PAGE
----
Dissection of a QTL reveals an adaptive, interacting gene complex associated with transgressive variation for flowering time in rice
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A days to heading QTL (dth1.1) located on the short arm of rice chromosome 1 was sub-divided into eight sub-introgression lines (SILs) to analyze the genetic basis of transgressive variation for flowering time. Each SIL contained one or more introgression(s) from O. rufipogon in the genetic background of the elite Oryza sativa cultivar, Jefferson. Each introgression was defined at high resolution using molecular markers and those in the dth1.1 region were associated with the presence of one or more flowering time genes (GI, SOC1, FT-L8, EMF1, and PNZIP). SILs and controls were evaluated for flowering time under both short- and long-day growing conditions. Under short-day lengths, lines with introgressions carrying combinations of linked flowering time genes (GI/SOC1, SOC1/FT-L8, GI/SOC1/FT-L8 and EMF1/PNZIP) from the late parent, O. rufipogon, flowered earlier than the recurrent parent, Jefferson, while recombinant lines carrying smaller introgressions marked by the presence of GI, SOC1, EMF1 or PNZIP alone no longer flowered early. Under long-day length, lines carrying SOC1/FT-L8, SOC1 or PNZIP flowered early, while those carrying GI or EMF1 delayed flowering. Across all experiments and in the field, only SIL_SOC1/FT-L8 was consistently early. A preliminary yield evaluation indicated that the transgressive early flowering observed in several of the SILs was also associated with a measurable and positive effect on yield. These SILs represent a new source of variation that can be used in breeding programs to manipulate flowering time in rice cultivars without the reduction in yield that is often associated with early maturing phenotypes.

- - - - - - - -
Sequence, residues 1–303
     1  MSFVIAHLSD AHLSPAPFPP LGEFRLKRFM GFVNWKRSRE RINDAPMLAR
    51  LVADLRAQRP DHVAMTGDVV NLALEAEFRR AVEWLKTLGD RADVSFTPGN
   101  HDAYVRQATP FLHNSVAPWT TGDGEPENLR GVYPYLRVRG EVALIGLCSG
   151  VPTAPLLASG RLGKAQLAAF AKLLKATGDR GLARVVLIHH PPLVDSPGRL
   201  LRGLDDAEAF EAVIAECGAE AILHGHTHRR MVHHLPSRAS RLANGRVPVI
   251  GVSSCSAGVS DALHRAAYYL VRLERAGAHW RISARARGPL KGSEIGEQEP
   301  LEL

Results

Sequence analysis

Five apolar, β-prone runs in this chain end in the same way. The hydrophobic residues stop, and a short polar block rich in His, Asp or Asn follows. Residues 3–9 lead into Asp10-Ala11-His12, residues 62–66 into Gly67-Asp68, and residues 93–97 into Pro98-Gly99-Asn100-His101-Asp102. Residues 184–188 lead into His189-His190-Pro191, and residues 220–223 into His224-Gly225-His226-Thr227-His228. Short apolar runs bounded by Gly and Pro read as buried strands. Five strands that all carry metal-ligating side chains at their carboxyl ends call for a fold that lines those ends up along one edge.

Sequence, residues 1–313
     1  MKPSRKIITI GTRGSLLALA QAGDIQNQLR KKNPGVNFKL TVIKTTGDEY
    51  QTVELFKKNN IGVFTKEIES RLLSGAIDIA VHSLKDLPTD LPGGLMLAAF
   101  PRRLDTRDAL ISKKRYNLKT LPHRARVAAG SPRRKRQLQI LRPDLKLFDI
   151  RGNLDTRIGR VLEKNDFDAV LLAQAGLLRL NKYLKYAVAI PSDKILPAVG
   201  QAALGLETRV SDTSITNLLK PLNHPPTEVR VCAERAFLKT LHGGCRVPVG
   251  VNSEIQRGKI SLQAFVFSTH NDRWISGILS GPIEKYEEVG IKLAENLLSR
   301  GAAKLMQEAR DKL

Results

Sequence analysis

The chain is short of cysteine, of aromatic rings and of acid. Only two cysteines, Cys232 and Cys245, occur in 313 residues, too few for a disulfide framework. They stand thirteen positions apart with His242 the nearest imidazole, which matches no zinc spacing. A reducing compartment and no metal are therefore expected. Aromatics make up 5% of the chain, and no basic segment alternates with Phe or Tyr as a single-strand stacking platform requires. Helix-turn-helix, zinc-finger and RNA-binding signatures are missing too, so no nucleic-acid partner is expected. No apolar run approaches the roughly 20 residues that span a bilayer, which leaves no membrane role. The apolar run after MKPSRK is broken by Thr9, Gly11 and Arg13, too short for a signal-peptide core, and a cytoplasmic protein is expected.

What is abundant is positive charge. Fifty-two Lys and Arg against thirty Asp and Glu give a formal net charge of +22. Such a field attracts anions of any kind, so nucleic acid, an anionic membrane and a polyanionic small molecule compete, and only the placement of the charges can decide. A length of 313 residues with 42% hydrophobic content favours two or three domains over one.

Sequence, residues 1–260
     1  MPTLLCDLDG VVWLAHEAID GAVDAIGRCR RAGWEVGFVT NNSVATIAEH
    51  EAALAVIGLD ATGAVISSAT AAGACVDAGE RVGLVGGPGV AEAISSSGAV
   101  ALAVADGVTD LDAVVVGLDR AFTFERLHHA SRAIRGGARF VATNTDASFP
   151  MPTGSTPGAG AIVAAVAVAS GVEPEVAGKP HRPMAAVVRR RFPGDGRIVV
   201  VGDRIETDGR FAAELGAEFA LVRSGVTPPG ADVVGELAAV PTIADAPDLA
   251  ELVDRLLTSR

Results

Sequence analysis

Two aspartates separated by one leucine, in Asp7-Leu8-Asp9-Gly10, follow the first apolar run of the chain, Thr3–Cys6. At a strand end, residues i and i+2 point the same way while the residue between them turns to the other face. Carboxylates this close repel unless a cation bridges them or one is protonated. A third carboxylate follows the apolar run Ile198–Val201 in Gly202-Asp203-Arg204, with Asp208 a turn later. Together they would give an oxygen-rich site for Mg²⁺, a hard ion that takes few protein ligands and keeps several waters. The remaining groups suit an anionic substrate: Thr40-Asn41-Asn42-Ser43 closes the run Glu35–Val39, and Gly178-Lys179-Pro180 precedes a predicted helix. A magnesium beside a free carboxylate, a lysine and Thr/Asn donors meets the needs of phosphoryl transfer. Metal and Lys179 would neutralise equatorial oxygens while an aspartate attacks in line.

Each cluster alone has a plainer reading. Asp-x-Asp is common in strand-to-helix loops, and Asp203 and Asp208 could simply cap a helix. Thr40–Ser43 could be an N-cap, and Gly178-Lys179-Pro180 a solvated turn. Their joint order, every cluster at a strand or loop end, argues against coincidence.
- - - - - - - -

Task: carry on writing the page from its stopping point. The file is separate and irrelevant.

KeywordsFlowering Time Early Flowering Photoperiod Sensitivity Ratoon Crop Tropical Japonica
We would like to thank Mrs. Marie Lavallard and the Department of Plant Breeding and Genetics for financial support for the PhD program of LFM (via a Frank T. Rhodes Fellowship), the National Science Foundation (Grant DBI #0606461 to SMc) for research funding, Lisa Polewczak for assistance with the field work in the Dale Bumpers National Rice Research Center in Stuttgart, AR and the USDA-ARS Rice Research Unit in Beaumont, TX. We express our gratitude to Michael Thomson and Jeremy Edwards for seeds from the parental pre-SILs provided for this study, and to Michael Gore and Walter de Jong for constructive comments and suggestions during manuscript preparation. We gratefully acknowledge Lois Swales for her assistance in preparing the figures and for formatting the manuscript.
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